For its centennial celebration in 2003, Washington’s Lopez Island Community Church raised its original building to redo the foundation and expand the sanctuary. The stained-glass windows, even when viewed from the outside, attest to a job well done. This non-denominational church desires “to follow Jesus,” it affirms, “serve him, and share his love with others.”


Saint Francis Catholic Parish is unique in the Archdiocese of Seattle, encompassing as it does all of the islands in the San Juan Archipelago. There’s a Saint Francis Catholic Church [1894], housed in a comely building on Davis Bay Road on Lopez Island. There’s another [1859] in Friday Harbor on San Juan Island: at that one, a noonday sun shines through south-facing windows, causing those on the north side to glow.

Whidbey Institute’s status as a religious organization supports its exploration, as a retreat centre, of matters relating to earth, spirit, and the human future. The learning centre, on a late-19th-century Finnish farm on Washington’s Whidbey Island, built its humble, handcrafted Sanctuary as a “forest hideaway”. “[I]n my mind’s eye,” builder Kim Hoelting explains, “it would be something like a Native American longhouse.” “The walk in the woods—the getting there—is important: you see something, you’re drawn in,” according to architect Ross Chapin. A labyrinth, “in [a] stunning live-edge wood,” is nearby.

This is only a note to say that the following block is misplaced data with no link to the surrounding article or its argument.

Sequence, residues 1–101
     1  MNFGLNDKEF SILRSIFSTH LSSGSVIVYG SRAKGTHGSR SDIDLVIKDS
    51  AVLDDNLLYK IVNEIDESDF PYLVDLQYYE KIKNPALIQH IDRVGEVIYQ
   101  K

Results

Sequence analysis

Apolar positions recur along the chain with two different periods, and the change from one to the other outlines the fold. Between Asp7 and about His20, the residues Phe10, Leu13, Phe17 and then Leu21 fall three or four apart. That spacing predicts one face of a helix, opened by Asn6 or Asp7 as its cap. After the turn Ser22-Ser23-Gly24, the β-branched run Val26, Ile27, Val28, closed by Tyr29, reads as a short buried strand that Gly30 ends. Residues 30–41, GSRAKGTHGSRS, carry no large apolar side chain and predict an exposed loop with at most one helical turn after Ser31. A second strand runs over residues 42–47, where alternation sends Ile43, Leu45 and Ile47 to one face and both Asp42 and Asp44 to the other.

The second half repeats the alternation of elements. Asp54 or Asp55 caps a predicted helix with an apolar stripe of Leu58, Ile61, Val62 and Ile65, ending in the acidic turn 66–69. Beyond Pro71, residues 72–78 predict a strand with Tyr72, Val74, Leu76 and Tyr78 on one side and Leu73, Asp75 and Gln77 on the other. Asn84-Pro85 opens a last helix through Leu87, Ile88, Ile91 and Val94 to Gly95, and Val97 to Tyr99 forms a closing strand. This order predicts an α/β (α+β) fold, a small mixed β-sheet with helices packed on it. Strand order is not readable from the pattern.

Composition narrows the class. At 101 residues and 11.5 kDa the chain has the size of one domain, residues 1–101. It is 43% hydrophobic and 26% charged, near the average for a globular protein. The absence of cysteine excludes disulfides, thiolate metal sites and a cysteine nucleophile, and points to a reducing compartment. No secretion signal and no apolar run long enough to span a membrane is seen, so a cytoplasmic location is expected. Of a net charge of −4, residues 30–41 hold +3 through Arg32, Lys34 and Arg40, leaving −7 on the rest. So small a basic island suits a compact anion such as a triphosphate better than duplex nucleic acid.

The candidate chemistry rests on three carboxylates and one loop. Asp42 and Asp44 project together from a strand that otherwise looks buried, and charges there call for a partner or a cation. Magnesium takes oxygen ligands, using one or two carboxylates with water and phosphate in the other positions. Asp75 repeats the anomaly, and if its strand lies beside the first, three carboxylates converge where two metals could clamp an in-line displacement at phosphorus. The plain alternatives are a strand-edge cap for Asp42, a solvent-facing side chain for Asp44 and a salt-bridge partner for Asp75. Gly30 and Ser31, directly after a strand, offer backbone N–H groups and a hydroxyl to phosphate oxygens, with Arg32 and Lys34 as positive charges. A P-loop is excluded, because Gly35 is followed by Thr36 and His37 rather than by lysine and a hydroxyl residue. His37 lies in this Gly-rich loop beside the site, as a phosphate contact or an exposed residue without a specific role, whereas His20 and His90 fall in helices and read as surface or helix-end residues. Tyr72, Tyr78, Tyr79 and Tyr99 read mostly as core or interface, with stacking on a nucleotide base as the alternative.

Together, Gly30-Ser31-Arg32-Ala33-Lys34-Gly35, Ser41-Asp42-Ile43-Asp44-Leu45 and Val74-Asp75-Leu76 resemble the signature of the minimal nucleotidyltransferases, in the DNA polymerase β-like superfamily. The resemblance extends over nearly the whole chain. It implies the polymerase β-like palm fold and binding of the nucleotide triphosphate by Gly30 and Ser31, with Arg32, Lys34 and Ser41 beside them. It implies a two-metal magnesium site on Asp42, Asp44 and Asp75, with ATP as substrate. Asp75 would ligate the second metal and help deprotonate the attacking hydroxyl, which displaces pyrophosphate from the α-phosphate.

Professional photographer Will Pursell, writing about a wedding he’d photographed in Minter Gardens’ chapel, said: “Minter is one of the most amazing venues [to which] I have ever been…. It feels like you fell into Alice in Wonderland or some other fairy tale.” It was Marie Skerl, another photographer, who broke the bad news: “Sadly, Minter Gardens actually shut down in October, 2013, after 33 years of being in business. Brian Minter created such a stunning garden….” With its fetching wedding chapel, it was just off the Trans-Canada Highway east of Chilliwack, B.C.


St. Stephen’s Heritage Anglican Church, just off Mt. Newton Cross Road on the Saanich Peninsula, reckons that it is “the oldest church in British Columbia used continuously as a place of worship since its construction.” Built of California redwood in 1862, it hopes to “continue to be a place of Good News and hope for future generations.” The nativity scene-in-stained-glass is affixed above the altar.